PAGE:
spinning up devices to issue these commands, or worse, doing full EH and a ATA
bus reset to wake up a detached/sleeping drive only to issue a unload head/spin
down/sleep command to it...
Also, doing a head unload on reboot would not be nice, as minimizing head
unloads will increase device lifespan (especially on desktop drives), therefore
whatever is done to fix the need for head unloads on poweroff issue should not
cause head unloads or platter spindown on system restart, just on power off/halt.
Indeed multipath causes several problems for the above. I'd say the only way to
deal with multipath sanely would be to always assume a single path by default
for the purposes of the above problems, and to have userspace interfaces capable
of telling the kernel that a device is multipath, all the local paths (so that
the kernel knows that all disc-specific device state for these paths is shared,
even if bus states are not), and whether there are external paths or not.
For all I know, most of this is already done by the multipath suite (I have no
experience with multipath). Still, for the issues related to this bug report,
multipath devices without external paths should probably have all the handling
of a single path device, except that the kernel would need to avoid issuing the
same set of commands to the device over the other local paths.
It would be also EXTREMELY nice to know from userspace whether we need to
attempt to issue cache flushes and disk standby commands on the halt(8) command
or not (because the running kernel will do it). I'd would *very* much like to
remove the utter gross crap in halt.c that deals with it in two or three
years... is there a way to query the kernel, directly or indirectly, for this
My memory about sd used to stopping disks seems to be fabricated. I'm probably
confusing with a discussion thread on linux-scsi. Anyways, I'm attaching a
patch. It's against 2.6.20-rc5 but should also work with 2.6.19. The
followings are added by the patch.
stop_on_shutdown_default defaults to zero and stop_on_shutdown's are initialized
from it. To enable stop_on_shutdown globally, you first set
stop_on_shutdown_default to 1 then set all present stop_on_shutdown to 1.
If stop_on_shutdown for a disk is 1, sd will issue SCSI START_STOP command with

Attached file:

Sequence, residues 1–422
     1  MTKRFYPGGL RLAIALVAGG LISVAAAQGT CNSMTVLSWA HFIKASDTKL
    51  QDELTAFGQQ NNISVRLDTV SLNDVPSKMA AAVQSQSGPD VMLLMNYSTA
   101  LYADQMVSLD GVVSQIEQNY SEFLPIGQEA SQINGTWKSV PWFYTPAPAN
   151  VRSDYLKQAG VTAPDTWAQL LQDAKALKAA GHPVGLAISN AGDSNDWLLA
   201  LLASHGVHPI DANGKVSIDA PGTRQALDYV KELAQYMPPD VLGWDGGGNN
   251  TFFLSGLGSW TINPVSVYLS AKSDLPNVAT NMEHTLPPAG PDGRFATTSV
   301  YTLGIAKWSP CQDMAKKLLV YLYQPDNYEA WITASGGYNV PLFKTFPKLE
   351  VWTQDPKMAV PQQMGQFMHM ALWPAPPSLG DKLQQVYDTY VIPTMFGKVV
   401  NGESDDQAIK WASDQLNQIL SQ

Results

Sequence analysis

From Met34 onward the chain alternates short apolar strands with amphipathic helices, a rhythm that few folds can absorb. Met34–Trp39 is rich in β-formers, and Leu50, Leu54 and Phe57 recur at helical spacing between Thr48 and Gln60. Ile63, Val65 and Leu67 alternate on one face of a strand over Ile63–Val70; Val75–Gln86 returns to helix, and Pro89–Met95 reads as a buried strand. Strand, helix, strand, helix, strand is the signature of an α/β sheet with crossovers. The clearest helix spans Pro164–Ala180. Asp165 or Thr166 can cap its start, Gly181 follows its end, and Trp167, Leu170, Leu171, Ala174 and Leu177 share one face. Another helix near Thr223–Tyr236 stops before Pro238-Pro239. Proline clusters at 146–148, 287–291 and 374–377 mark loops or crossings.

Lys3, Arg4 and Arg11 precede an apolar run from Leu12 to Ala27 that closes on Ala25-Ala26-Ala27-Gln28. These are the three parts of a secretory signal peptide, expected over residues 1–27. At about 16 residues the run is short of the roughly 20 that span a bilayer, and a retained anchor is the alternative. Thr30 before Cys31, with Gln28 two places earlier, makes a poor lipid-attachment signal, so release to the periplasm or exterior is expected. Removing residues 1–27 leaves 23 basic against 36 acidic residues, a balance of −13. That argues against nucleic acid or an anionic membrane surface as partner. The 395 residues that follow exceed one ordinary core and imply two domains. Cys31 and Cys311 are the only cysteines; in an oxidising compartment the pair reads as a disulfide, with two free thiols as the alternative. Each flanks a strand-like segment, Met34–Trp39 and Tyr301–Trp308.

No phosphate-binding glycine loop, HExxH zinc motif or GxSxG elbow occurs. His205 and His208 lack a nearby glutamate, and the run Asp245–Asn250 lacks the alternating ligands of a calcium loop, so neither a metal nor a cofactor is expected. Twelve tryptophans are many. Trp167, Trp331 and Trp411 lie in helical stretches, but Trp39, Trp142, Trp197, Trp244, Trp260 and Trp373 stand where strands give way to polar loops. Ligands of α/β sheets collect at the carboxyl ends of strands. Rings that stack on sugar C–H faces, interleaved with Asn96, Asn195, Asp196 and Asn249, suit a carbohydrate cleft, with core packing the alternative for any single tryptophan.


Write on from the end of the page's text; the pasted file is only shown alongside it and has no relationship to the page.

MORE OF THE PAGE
START_VALID and START == 0 which tells the disk to stop on shutdown except for
restart. As before, SYNCHRONIZE_CACHE is issued unconditionally which does not
usually cause spinup on a spun down device.
Would this be enough? If you ACK this, I'll try to push this mainline. Thanks.
Created attachment 10122 [details]
Yes, it is enough. I would still prefer to have
/sys/module/sd_mod/parameters/stop_on_shutdown_default set to 1 by default, as
multipath is the less common setup (it is, in fact, rare when compared with
non-multipath setups now that scsi also means SATA, and soon, PATA), and
stop_on_shutdown_default=1 is the correct configuration for anything *but*
multi-host multipath setups.
But we can certainly set /sys/module/sd_mod/parameters/stop_on_shutdown_default
properly in userspace, and it is *extremely* better than what we have now.
Acked-by: Henrique de Moraes Holschuh <email@example.com>
BTW: Thank you very much for the fast response to this bug :-)
You're welcome. :-)
I agree that it would be nicer to have 1 as the default 'default' value but I'm
afraid we can't do that as that would change kernel behavior which userland
might be relying on. Well, it's not like configuring this during boot is difficult.
I'll submit the patch. Thanks.
Oh.. BTW, s/multipath/multi initiator/.
One question: What happened to this patch? I have a T60 here (AHCI) and needed
to include this patch manually to be able to switch the device off cleanly
(without SMART values disk_shift and power-off_retract_count increased).
SCSI part is committed into mainline. libata part is still pending. This can
appear in mainline 2.6.22 at the earliest.
Thanks for your quick answer. Hope I don't bother you if I ask: I use
linux-2.6.21-rc6-git4 here and had to apply the scsi part manually. When will
this patch be applied to the source code (I know that I don't know the exact
procedure for patch inclusion - sorry for that)
It's in scsi-misc-2.6 tree that the SCSI maintainer maintains. It was late for
2.6.21 inclusion and will be merged into mainline during 2.6.22-rc1 cycle.
This issue has been dealt with for a long time now. Any remaining fallout is being tracked separately on its own bug entries, so I am marking this bug closed.